The United Nations is currently negotiating the international development framework to replace the Millennium Development Goals (MDGs) post-2015. Also known as the Sustainable Development Goals Read more →
Older People: The Forgotten Generation
The United Nations is currently negotiating the international development framework to replace the Millennium Development Goals (MDGs) post-2015. Also known as the Sustainable Development Goals (SDGs), this framework sets a standard with a universal agenda that also coincides with the UN theme of the International Day of Older Persons 2014 “Leaving No One Behind: Promoting a Society for All”.
However, some fear that international development politics may continue to focus on existing priorities, with the voice of older people continuing to be sidelined.
Ken Bluestone, Age International, discusses how the High Level Panel of Eminent Persons seemingly excluded age as a category in the post-2015 agenda of data to be collected. In its letter, the High Level Panel wrote: “We recall our proposal that targets should only be considered achieved if met by all relevant social and income groups – disaggregating data by gender, geography, income, disability and other categories to ensure that no-one is left behind.” The inclusion of older people as a marginalised group in the new framework is vital in ensuring the reduction of discrimination, isolation and marginalisation in later life.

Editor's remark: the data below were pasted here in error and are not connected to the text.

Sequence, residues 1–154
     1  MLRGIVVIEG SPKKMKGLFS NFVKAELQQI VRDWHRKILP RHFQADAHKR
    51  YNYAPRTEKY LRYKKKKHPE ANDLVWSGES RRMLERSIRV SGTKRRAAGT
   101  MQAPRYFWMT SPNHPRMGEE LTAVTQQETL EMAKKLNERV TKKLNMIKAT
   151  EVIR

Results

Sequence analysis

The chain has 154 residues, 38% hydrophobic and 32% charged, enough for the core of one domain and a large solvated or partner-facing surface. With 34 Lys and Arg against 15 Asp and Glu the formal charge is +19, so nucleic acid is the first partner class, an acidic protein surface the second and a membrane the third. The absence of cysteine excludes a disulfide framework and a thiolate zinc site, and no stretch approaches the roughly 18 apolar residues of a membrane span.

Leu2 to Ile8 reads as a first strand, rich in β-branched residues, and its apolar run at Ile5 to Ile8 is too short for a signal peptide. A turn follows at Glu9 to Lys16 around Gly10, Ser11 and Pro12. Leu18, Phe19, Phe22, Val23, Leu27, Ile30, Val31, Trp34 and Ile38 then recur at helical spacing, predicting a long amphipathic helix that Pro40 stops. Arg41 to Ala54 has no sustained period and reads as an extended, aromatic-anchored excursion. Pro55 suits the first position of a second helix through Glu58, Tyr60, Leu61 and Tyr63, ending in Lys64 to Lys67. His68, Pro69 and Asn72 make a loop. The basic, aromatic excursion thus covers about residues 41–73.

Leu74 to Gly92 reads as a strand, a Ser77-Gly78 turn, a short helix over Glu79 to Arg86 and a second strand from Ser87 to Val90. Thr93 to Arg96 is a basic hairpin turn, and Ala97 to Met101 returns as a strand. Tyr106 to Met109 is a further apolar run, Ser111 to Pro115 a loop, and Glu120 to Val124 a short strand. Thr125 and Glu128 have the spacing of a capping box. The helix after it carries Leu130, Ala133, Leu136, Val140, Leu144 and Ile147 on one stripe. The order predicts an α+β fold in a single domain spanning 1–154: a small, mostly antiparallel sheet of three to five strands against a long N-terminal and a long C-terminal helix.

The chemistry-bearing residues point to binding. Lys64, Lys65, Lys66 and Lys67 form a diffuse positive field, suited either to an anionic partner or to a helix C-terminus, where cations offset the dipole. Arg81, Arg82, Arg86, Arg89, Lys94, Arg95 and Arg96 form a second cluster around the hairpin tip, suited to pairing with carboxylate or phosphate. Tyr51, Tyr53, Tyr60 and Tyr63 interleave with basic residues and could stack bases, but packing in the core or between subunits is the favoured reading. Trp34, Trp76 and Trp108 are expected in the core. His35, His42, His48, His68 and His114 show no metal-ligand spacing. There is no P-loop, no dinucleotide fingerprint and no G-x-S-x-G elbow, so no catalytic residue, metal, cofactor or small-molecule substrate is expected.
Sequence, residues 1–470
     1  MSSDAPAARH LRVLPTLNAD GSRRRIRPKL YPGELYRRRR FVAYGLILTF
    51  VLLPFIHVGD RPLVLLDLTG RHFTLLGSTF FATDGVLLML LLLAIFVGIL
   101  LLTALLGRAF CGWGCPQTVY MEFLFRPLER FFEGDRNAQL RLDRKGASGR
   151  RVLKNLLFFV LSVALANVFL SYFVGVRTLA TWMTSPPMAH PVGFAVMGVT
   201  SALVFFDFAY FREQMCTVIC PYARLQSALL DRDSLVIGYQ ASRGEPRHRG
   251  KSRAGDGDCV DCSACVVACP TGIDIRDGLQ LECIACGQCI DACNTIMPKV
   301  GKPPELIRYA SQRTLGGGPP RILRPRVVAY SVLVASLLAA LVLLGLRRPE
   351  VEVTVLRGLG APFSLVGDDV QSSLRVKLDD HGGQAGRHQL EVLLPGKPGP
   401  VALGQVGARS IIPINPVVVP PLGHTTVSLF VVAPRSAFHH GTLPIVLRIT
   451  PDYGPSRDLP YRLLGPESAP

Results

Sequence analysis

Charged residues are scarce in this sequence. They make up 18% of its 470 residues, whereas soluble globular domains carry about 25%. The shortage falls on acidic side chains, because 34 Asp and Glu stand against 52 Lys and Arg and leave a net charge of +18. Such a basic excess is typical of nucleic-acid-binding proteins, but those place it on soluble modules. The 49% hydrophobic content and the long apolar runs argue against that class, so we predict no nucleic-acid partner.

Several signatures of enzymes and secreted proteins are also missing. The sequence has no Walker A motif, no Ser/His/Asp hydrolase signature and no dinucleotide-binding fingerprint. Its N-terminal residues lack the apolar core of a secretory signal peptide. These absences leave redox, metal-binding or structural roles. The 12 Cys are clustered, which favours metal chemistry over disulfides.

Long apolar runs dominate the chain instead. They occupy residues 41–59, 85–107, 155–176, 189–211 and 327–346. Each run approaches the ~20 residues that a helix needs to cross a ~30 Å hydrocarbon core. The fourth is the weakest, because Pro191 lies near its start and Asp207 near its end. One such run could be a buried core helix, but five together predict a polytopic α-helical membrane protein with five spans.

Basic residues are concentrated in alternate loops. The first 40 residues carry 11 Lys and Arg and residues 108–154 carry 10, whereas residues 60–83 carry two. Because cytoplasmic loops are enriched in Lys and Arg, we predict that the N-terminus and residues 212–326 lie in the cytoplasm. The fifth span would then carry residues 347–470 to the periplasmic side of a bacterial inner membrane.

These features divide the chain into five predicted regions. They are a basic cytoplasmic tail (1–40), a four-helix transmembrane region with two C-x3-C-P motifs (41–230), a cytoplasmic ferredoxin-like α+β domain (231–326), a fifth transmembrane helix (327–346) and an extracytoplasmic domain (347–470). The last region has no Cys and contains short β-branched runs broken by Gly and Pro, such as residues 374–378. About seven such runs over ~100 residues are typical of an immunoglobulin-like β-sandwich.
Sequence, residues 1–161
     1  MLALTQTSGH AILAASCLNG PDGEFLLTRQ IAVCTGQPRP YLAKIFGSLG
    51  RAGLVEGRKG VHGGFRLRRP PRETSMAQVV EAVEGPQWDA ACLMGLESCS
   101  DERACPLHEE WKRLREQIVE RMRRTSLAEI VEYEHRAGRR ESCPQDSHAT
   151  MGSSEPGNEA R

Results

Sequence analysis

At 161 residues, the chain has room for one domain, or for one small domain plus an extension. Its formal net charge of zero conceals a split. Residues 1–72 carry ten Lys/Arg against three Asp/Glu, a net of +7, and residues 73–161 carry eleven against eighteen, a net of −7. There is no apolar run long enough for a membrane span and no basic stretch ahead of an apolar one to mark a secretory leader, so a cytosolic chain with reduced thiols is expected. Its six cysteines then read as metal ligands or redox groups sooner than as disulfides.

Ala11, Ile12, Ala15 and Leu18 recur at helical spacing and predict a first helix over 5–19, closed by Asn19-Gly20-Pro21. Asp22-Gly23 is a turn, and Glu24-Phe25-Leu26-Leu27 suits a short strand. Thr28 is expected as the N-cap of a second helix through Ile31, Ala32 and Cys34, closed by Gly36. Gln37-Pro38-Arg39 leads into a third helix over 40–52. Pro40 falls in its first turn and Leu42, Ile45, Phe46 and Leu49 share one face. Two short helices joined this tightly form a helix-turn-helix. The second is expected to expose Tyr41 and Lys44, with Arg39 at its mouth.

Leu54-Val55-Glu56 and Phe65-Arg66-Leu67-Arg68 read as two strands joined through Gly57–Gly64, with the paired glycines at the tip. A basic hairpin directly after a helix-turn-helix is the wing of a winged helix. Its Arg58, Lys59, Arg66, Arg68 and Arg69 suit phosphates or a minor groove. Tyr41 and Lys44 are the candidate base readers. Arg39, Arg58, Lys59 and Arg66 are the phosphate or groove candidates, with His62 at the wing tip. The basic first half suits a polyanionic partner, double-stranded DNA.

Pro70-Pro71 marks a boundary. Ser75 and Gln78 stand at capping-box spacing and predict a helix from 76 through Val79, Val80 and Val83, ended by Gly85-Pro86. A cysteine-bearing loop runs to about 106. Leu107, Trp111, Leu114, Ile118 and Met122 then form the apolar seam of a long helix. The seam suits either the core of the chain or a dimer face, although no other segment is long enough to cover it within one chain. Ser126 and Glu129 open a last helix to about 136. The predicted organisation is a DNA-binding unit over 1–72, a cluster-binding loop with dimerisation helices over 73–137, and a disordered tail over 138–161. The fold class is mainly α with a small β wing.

For more information, please read the blog by Ken Bluestone – Older People: the forgotten generation.
Social Innovation Solutions and Technology for Active and Healthy Ageing
To mark the 2014 International Day of Older Persons the Vienna NGO Committee on Ageing organized a special event on the topic: Social Innovation Solutions and Technology for Active and Healthy Ageing.
The Vienna NGO Committee on Ageing Members were unanimous in their conviction that better understanding of new technologies as well as having a voice in the development of products and services is of utmost importance to reach full integration of older people into society.
A set of Recommendations formulated by the Members of the Vienna NGO Committee on Ageing concerning the production and usability of new technologies were agreed upon following the debate. These include:
- an extended Public-Private-Partnership for successful implementation of new technologies;
- applicable and supportive new technologies for older persons;
- consultation of older persons that use or will be using these products;
- and help lines for assistance with these devices.
Ageing and Poverty in India
Research undertaken into older people’s lives in India has found that older people play a significant but unacknowledged role in India’s economy. The researchers, Dr Penny Vera-Sanso and Dr V Suresh, conducted research in urban South India between 2007 and 2013, finding that not only did older people contribute to family budgets but they also buttress the national and global economy by supplying low-cost services to workers and low-cost inputs to industry. To see how widespread older people’s work is in India as a whole, the research team launched a national photo competition with The Hindu newspaper. The nearly 3,000 photos submitted irrefutably demonstrated that older people are working throughout India’s mountains, plains, coasts, villages, towns and cities.